POSTED: 01:30 a.m. HST, Jul 05, 2011
LAST UPDATED: 03:19 a.m. HST, Jul 05, 2011
Question: What are the rules regarding memorials and advertising on cars? I’ve seen very large text and photo advertising covering cars. They are a visual blight. There are also cars with memorials on the back windshield that are so large they block visibility.
Answer: Regarding written “memorials” for a deceased person typically found on the back windshield: The concern is whether the words obstruct the driver’s “clear view of the road,” said Dennis Kamimura, administrator of the city Motor Vehicle and Licensing Division.
“If it is not transparent and does obstruct the driver’s clear view, then the vehicle is subject to citation and would be cause for safety inspection rejection,” he said.
Kamimura cited state law and Department of Transportation rules, which specify where decals and stickers are to be placed (generally in the lower corners of the windshield).
He also cited Section 15-19.30(a) of the Revised Ordinances of Honolulu: “No person shall drive any motor vehicle with any sign, poster or other nontransparent material upon the front windshield, side wings, or side or rear windows of such vehicle which obstructs the driver's clear view of the highway or any intersecting highway.”
Even before the vehicle is subject to a safety check, police could cite a vehicle if an officer deems nontransparent wording is obstructing the driver’s view, Kamimura said.
Traffic Violations Bureau records show Honolulu police cited 56 motorists for “material obstructing driver’s view” in 2006; 139 in 2007; 174 in 2008; 185 in 2009; 222 in 2010; and 57 so far this year. Additionally, under the more general “obstructing windshield,” 78 citations were issued in 2006; 65 in 2007; 49 in 2008; 24 in 2009; 36 in 2010; and 11 so far in 2011.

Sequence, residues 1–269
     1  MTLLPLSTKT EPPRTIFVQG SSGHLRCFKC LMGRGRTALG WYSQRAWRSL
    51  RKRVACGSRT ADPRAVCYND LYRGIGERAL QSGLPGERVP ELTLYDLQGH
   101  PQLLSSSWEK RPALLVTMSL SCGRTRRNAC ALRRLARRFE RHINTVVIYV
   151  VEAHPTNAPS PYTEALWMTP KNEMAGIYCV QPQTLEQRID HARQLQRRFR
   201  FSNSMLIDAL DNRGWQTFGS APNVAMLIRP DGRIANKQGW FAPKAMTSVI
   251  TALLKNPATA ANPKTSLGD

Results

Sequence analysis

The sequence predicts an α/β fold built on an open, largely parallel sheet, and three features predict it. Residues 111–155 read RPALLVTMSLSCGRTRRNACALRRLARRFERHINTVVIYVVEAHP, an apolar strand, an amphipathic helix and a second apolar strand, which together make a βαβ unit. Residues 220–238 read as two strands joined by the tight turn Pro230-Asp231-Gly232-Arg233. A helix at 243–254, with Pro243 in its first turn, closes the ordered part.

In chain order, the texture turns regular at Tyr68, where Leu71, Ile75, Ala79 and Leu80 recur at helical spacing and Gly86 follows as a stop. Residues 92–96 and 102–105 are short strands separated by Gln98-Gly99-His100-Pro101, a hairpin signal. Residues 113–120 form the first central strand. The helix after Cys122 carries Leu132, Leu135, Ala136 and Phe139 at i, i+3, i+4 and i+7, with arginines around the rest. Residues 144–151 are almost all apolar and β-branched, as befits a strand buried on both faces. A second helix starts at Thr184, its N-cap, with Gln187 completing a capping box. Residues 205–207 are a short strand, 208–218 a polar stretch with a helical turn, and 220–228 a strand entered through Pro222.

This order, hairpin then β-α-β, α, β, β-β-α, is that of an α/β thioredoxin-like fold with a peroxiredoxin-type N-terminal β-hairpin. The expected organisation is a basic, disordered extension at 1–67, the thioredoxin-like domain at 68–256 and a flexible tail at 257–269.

Violators face a $72 fine.
Meanwhile, the state’s vehicular advertising law — Section 445-112.5 of the Hawaii Revised Statutes — prohibits advertising on vehicles, but only if the vehicle “is used primarily to display” advertising.
“In other words,” explained Bob Loy, the Outdoor Circle’s director of environmental programs, “if the commercial advertising is displayed on a vehicle that is used primarily for delivery of products or for personal use or other ‘primary’ purposes, it is not a violation.”
The organization was instrumental in getting the law passed in 2006 but acknowledged the “huge loophole that allows a lot of inappropriate advertising in Hawaii.”
As an example, he said, “That's why it is not illegal for a company like Red Bull to pay someone to drive a personal vehicle wrapped in advertising,” or for businesses to hang large banners from parked vehicles or to put advertising on commercial trolleys.
The Outdoor Circle regularly receives complaints about mobile ads, but in most cases they’re not illegal. “We know of no prosecutions for violations of the vehicle advertising law,” Loy said.
Still, he noted, before the law was passed five years ago, “there were a few ‘billboard’ trucks in town whose sole purpose was to display advertising. They quickly were taken out of service and shipped off island.”
Billboard trucks and trailers remain “a huge industry” on the mainland, so, “the main benefit of the narrow Hawaii law is that it stopped the terrible mobile billboard industry in its tracks before it got a solid foothold in Hawaii.”
In the future, he said, the Outdoor Circle hopes to convince lawmakers to strengthen the law.
Mahalo to managers Clyde Ham and Marlene Kanoa at Longs Drugs in Mililani Marketplace for helping me with a traumatic incident with a can of Coke. Never did I expect foreign matter in it. Auwe to the two boys who entered my home and stole my earrings, Aloha Airlines watch and irreplaceable rings. People saw you. Remember: What goes around comes around.
— Grace T.